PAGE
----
The more you watch TV, the less healthy you will be as you grow older, Harvard study finds

Ditto for sitting in cars or at home doing something besides watching TV, such as reading, eating meals or paying bills.

For every additional two hours spent in front of the TV, the chance of meeting the researchers’ definition of healthy ageing dropped by 12 per cent. Photo: Shutterstock

Yet for every additional two hours spent in front of the TV, a person’s chance of meeting the researchers’ definition of healthy ageing declined by 12 per cent, according to their study, published in JAMA Network Open.

That does not bode well for the United States, where 62 per cent of adults between the ages of 20 and 64 say they watch TV for at least two hours a day, as do 84 per cent of senior citizens.

The findings are based on data from more than 45,000 women who took part in the Nurses Health Study. All of them were at least 50 years old and had no major chronic diseases in 1992, when they answered questions about their health and what they did all day.

For instance, the nurses were asked how much time they spent standing or walking around at work or at home. They were asked about various types of exercise, including jogging, swimming laps, playing tennis and doing yoga. They were asked if they mowed their own lawns.

You might not be surprised to learn that the most popular type of sitting was sitting while watching television. More than half of the women – 53 per cent – said they watched between six and 20 hours of TV a week. (The median among this group was around 15.4 hours per week.) Another 15 per cent of the women said they watched between 21 and 40 hours of TV each week, and 2 per cent watched even more.

The Harvard study links hours spent in front of the TV with a drop in health as we age. Photo: Shutterstock

Only 8.6 per cent of the women met all four of those criteria, which was what it took to achieve healthy ageing.

On the whole, the women who watched more TV tended to be older, were more likely to be smokers or drinkers, consumed more calories and had higher body mass index scores than women who watched less TV. The more devoted TV watchers were also more likely to have high blood pressure and high cholesterol.

Once the researchers accounted for these and a host of other differences, they found that the women who spent an hour or less each week sitting in front of the TV were the most likely to achieve healthy ageing.

Compared to them, women who watched TV for two to five hours per week were 9 per cent less likely to be healthy agers; those who watched for six to 20 hours per week were 19 per cent less likely; those who watched for 21 to 40 hours per week were 40 per cent less likely; and those who watched for at least 41 hours a week were 45 per cent less likely.

The researchers also found that replacing TV time with pretty much anything else – including sleep, for women who got no more than seven hours of sleep per night – would increase their odds of healthy ageing. The more vigorous the new activity, the bigger the boost.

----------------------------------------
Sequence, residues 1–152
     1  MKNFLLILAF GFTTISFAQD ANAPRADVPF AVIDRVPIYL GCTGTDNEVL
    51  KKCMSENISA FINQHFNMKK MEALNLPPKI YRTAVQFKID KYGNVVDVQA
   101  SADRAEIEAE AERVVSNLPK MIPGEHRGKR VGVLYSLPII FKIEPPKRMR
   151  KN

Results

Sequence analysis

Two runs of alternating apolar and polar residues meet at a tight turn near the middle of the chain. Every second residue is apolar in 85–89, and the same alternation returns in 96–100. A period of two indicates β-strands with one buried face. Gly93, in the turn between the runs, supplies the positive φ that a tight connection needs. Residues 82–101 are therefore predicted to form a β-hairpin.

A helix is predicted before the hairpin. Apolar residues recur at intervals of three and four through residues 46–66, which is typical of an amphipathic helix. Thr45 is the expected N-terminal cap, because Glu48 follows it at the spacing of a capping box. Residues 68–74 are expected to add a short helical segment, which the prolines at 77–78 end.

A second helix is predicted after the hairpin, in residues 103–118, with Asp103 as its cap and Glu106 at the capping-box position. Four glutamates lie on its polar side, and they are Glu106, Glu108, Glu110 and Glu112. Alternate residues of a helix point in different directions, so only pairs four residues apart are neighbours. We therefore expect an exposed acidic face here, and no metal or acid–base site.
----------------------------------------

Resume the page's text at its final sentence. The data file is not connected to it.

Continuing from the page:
Replacing time in front of the TV with vigorous exercise or physical activity is ideal, but even sleeping is preferable to sitting on the couch. Photo: Shutterstock

Although the actual percentage of women who succeeded in healthy ageing was low, the study authors estimated that another 61 per cent of the women could have joined that rarefied group if they had done four things:

The study did not show that excess TV time caused any of the nurses to miss out on healthy ageing, only that there was a significant inverse correlation between the two.

Still, there is good reason to suspect that their favourite sedentary behaviour bore at least some of the responsibility.

Previous studies have linked prolonged sitting – especially while watching television – to a variety of health problems, including diseases like breast cancer, colorectal cancer, type 2 diabetes, cardiovascular disease and early death. (That particular study found that compared to sitting for less than three hours a day, sitting for at least twice that long was associated with a 17 per cent increased risk of premature death for men and a 34 per cent increased risk of premature death for women.)

But the researchers from Harvard’s TH Chan School of Public Health have taken things a step further, said Dr I-Min Lee, an epidemiologist at Brigham & Women’s Hospital in Boston who studies how physical activity can prevent chronic diseases and extend life.

Dr I-Min Lee, an epidemiologist at Brigham & Women’s Hospital in Boston, studies how physical activity can prevent chronic diseases and extend life. Photo: Brigham & Women’s Hospital

“This study expands what we know because it looked at ‘healthy ageing’,” said Lee, who was not involved in the study. “‘Health’ is not just the absence of disease; it includes dimensions of physical and mental health, function and well-being.”

All of the study subjects were women, but the biological mechanisms are likely to apply to men as well, Lee said. Even so, it would be good to actually test this relationship in men, as well as in people from a wider range of racial and ethnic backgrounds, she said. (The group of women in the original Nurses Health Study was overwhelmingly white.)

The youngest of the Baby Boomers are now turning 60, and the proportion of the US population that is at least 65 is projected to increase from roughly 17 per cent today to nearly 21 per cent in 2050, according to the US Census Bureau.

“Population ageing is an important public health issue,” the study authors wrote, and strategies to promote healthy ageing “are urgently needed”.

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